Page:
Fehring was a graduate of Purdue University where he lettered nine times in football, basketball and baseball. He was part of the Boilermakers national championship basketball team in 1932. Fehring was the traveling roommate of John Wooden. When the UCLA Bruins were looking for a basketball coach, he put in a good word for his friend. It turned out to be the greatest hire in the history of college basketball with Wooden winning 10 national titles in 12 years, including seven in a row.

Fehring coached baseball at Purdue University and at Stanford University. He would attend the College World Series in Omaha, Neb., every summer and invited Tom and Chalen to be his guests for a late honeymoon. Tom and Chalen took him up on the offer and got to visit with Dutch and Edna.

Tom and Dutch would continue to correspond and meet at the College World Series. The letter from Dutch about reuniting with his teammate left a lasting impression on Tom.

“It gave me goose bumps all over,” Reed said in an interview for the story that ran in March of 1997. “I don’t know how to express it. I thought it was pretty neat for them to be reunited after 62 years.”

Fehring and Kinzy did not play in many Major League Baseball games, but they are part of the game’s colorful history, Reed said.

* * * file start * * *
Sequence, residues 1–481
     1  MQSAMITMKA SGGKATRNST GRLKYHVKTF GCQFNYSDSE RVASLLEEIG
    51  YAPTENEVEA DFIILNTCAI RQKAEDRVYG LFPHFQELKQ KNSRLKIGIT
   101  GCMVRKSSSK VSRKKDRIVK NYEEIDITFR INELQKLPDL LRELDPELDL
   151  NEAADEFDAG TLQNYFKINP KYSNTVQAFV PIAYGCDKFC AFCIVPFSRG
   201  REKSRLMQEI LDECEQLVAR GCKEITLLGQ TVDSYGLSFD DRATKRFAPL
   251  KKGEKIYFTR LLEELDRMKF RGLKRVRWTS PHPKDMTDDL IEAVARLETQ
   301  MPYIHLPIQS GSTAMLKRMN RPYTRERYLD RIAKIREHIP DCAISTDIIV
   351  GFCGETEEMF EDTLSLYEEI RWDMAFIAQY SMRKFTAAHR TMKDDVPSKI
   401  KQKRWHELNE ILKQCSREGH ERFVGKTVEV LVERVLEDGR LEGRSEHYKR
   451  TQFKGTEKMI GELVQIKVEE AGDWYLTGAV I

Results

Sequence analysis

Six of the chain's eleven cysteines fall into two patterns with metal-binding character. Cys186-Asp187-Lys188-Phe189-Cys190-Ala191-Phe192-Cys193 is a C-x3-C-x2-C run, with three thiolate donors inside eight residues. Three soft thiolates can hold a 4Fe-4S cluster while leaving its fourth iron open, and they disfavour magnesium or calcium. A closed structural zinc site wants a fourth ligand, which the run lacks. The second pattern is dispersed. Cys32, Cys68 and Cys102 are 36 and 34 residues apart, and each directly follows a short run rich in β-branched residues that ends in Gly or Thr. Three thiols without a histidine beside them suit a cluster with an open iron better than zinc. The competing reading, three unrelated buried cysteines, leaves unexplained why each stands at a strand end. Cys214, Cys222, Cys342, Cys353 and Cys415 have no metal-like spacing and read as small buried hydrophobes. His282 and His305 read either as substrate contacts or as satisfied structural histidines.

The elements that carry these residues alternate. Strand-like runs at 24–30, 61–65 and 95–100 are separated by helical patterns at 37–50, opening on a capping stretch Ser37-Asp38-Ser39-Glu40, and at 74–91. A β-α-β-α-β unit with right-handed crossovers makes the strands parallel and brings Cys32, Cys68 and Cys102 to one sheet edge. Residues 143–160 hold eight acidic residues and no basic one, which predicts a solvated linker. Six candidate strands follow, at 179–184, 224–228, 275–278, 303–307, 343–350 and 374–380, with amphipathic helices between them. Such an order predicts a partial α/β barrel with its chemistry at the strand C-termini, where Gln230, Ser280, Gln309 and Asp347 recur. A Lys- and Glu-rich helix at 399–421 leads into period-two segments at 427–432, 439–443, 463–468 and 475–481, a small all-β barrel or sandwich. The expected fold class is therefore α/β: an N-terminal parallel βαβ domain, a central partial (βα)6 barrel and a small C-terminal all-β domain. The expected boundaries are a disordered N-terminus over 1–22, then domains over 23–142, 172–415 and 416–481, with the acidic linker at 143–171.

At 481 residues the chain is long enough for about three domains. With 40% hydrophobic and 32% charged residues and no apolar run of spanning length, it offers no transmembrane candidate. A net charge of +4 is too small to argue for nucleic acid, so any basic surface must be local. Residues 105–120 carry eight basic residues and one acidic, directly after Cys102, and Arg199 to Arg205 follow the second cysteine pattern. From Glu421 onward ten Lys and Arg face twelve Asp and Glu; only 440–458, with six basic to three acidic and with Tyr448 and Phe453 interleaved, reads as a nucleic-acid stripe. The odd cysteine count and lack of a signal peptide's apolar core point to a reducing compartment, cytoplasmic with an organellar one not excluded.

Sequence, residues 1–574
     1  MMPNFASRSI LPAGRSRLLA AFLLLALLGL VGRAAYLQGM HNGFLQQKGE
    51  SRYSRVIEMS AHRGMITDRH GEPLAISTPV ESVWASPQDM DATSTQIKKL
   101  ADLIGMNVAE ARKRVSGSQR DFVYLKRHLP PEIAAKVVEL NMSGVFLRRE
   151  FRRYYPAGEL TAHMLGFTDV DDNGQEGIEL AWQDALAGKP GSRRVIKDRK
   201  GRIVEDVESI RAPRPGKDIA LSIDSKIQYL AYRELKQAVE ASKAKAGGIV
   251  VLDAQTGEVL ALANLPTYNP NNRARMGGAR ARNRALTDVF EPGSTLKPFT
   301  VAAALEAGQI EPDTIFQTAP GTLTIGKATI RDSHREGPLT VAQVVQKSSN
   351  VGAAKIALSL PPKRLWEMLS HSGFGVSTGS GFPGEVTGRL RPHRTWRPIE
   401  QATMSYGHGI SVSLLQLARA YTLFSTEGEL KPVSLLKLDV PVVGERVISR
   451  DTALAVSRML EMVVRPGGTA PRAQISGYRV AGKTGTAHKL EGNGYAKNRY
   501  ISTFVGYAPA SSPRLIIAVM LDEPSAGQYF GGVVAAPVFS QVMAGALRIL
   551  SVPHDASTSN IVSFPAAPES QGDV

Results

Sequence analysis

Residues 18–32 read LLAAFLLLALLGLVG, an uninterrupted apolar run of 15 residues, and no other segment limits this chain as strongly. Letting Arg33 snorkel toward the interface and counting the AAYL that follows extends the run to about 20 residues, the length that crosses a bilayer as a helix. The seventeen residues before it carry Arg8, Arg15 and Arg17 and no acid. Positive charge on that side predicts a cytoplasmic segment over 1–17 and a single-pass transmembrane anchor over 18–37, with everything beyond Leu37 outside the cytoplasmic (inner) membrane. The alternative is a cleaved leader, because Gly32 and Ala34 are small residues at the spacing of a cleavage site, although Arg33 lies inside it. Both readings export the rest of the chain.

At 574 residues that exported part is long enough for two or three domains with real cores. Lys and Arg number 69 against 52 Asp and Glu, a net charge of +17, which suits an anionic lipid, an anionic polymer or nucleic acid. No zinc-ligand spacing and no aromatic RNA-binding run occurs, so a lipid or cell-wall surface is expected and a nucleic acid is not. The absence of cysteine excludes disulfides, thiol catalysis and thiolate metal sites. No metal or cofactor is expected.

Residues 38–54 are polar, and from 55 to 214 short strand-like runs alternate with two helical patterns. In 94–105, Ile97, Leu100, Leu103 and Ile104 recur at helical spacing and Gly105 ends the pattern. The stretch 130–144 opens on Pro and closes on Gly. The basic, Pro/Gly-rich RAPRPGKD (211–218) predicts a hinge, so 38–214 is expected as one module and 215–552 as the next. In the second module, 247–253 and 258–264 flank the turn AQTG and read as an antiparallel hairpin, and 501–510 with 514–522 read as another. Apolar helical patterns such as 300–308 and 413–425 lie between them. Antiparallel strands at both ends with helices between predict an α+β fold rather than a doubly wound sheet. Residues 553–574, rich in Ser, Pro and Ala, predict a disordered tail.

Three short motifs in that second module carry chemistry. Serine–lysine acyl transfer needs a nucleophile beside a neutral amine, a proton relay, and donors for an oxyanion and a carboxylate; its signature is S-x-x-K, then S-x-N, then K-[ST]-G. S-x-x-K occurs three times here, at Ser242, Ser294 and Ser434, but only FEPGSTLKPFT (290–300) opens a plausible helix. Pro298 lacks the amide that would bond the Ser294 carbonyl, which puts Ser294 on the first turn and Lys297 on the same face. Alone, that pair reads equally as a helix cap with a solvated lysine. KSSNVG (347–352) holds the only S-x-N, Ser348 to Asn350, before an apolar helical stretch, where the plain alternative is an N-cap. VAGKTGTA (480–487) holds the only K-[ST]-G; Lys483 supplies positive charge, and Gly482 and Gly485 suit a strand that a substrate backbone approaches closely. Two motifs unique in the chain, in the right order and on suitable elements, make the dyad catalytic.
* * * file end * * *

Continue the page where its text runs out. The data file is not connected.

“To me, it doesn’t matter if they played one game or thousands,” he said. “They played Major League Baseball.”

Kinzy wrote several notes of thanks for Reed on pictures from his glory days with the White Sox.

“Thank you Tom for remembering me,” Harry H. “Slim” Kinzy wrote. “What a joy it is to hear from old friends. Times have changed from 1910, the year I was born at a saw mill in East Texas.

“It was nice to hear about Dutch Ferhring,” Kinzy wrote. “Come July 17 (1997), I will be 87 and have been married 57 years to Anne.”

Fehring was born on May 31, 1912. He married Edna on June 7, 1939. He passed away at the age of 93 on April 13, 2006.

Kinzy was born on July 19, 1910. He passed away at the age of 92 on June 22, 2003.

Tom Reed was the son of the late James Ross and Lorraine Heuerman Reed. He is survived by his sister Barbara (Joe) Hicks of Lawrence, and brother Jim (JoAnn) Reed of Olathe.

Chalen Asher Reed was the daughter of Ken and Mary Asher of Louisburg. She is also survived by sisters Kenna Valentine (Gary) of Lenexa, Danielle Iacovetto (Alex) of Eagle, Colo., Farrah Burg (Andrew) of Olathe; and brother Jarratt Asher (Tara) of Louisburg.

Sports Editor Gene Morris can be reached at (913) 294-2311 or